Our Technology Integration Team recently led its first Nursery – Grade 5 professional development event of the school year. To provide some context, that is two Tech Integrators leading 110 teachers and specialists through an hour and fifteen minute learning experience. I say learning experience intentionally, as our goal is to avoid a stand and deliver or workshop model- not that there aren’t appropriate times for both formats. However, we aspire to model innovative practices, risk taking, failing with reflection, and focusing on the learning process. This recent learning experience did some of each of those.
We tried something that we had never done before, led an event completely digitally- from the facilitation end. With a “Mission Impossible-esque theme,” at 3:00 teachers received an email from Tech Integration that contained directions for the afternoon via video in a YouTube playlist (accompanied by a checklist). The playlist also contained 2 screencast tutorials with instructions for creating a screencast using Quicktime or Screencastify. You can you view the video(s) and message below. Teachers had from 3:15-4:00 to complete the following:
Teachers were provided autonomy over location, tools, and whom they worked with during this time. At 4:00 they arrived to the classroom of their grade level/specialist Digital Teacher (DT). The DT then led teachers through a 30 minute activity around their personal passion project for the school year. Thus, during the entire afternoon, the only time teachers saw the people facilitating the experience was via video. And there were reasons for this.
Experiential. We wanted teachers to experience how it felt to learn from a digital tool, in order to create a digital product. Often students are asked to complete a similar task- what better way to build empathy for students than being able to share a similar experience. Teachers stated in a feedback form, that they often had to rewind videos, start over, delete sections of video- and often asked a fellow teacher for help. In other words, they were a student again. The time expectation was also a factor. There was pressure to complete a task in a short amount of time. We heard scattered comments about teachers feeling rushed and anxious. Again, this might have one considering the time limits of lessons and how long students have to complete projects. Imagine how some students in your class might feel when being rushed to complete an assignment by a particular deadline- especially if it something they are learning for the first time.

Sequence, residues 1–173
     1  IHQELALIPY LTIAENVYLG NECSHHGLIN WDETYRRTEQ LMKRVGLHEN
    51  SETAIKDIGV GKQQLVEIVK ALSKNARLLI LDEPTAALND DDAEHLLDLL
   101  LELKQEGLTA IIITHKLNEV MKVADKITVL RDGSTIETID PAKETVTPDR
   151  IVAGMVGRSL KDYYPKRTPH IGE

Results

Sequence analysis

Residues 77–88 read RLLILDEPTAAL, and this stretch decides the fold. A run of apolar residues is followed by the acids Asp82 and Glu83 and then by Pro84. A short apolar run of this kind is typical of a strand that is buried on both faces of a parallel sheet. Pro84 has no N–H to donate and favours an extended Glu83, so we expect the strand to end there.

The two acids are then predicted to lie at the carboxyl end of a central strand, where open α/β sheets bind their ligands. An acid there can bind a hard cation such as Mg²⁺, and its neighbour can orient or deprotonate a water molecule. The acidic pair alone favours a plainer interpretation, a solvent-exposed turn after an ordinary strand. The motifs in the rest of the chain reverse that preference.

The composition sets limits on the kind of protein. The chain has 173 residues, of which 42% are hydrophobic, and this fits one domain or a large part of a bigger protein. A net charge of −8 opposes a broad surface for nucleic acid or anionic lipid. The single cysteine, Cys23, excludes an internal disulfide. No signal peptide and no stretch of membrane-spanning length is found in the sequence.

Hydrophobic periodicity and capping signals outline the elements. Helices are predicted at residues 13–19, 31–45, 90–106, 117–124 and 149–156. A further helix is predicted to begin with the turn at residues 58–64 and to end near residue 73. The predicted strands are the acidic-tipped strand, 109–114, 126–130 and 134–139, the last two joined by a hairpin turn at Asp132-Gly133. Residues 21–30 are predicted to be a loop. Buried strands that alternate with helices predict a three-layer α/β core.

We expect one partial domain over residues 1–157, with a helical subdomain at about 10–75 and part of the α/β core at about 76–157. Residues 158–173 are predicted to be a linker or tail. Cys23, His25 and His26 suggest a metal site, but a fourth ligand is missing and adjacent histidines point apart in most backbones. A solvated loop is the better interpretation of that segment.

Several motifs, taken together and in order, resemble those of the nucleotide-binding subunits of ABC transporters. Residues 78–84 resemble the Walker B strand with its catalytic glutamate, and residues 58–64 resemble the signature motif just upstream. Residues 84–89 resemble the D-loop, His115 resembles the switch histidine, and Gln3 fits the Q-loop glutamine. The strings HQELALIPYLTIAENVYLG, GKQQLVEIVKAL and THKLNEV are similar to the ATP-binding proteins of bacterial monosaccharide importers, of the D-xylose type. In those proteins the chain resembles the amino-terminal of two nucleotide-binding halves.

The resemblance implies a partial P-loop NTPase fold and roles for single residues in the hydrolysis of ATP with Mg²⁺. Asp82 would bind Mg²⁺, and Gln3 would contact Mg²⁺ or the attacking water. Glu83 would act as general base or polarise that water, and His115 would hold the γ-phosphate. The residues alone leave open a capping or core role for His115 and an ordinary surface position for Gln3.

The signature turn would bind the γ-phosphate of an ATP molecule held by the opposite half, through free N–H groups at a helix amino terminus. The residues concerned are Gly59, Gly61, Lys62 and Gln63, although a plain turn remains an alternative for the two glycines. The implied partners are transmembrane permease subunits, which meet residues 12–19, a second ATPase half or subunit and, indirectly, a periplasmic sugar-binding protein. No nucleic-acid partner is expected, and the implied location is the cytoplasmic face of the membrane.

Exposure. Nearly all the teachers on our campus have videos hosted on their Learning Management System pages. Very few teachers have their own videos shared with students. And while some teachers have personal videos, they are not screencast recordings. Tech Integration creates screencasts weekly, adding them to our Tech Trick Tuesday playlist– so they have been seen multiple times by our teachers- but not necessarily a skill that’s been intentionally developed itself. Therefore, we wanted to expose teachers to a skill they can add to their instructional strategies bank. A screencast provides students with more personalized learning- along with the opportunity to watch the video anywhere at anytime. (The benefits of personalized screencasting could be its own blog post) Not only were teachers exposed to the QuickTime and Screencastify for recording- but to AutoDraw from experiments.withgoogle.com and Sketchpad, two free online creation applications.
Creation. We often hear teachers and leaders in education saying that students need to not just consume content with technology, but create with it too. Our Tech Integration team believes the same- however we extend that ideology to teachers as well. Rather than sharing the YouTube video that “works” with students, why not create your own? Now, I am guilty of this as well. It is not feasible to create a video for every tutorial I need to send, so I borrow. However, there are some skills that are more important than others- and I want to be sure the process is explained with the correct scaffolding and vocabulary for my intended audience. The same goes for teachers and their knowledge of content and the needs of their students. So, for those few tricky skills that stump students every year, consider if it might be worth the time invested to go ahead and create that screencast or recording for your students to access. Lastly, it’s not a bad idea for students to see their teachers creating with technology and modeling how it can be used for learning.
By the end of the day 95 teachers successfully created their screencasts, uploaded them to YouTube, and shared the link to their video in a Google Form to the Tech Integration team. While there are varying levels of products created- as there should be- our team is thrilled with the completion rate. Teachers approached the challenge and provided overwhelmingly positive feedback about the experience, as well as their intentions for creating screencasts for future lessons or units.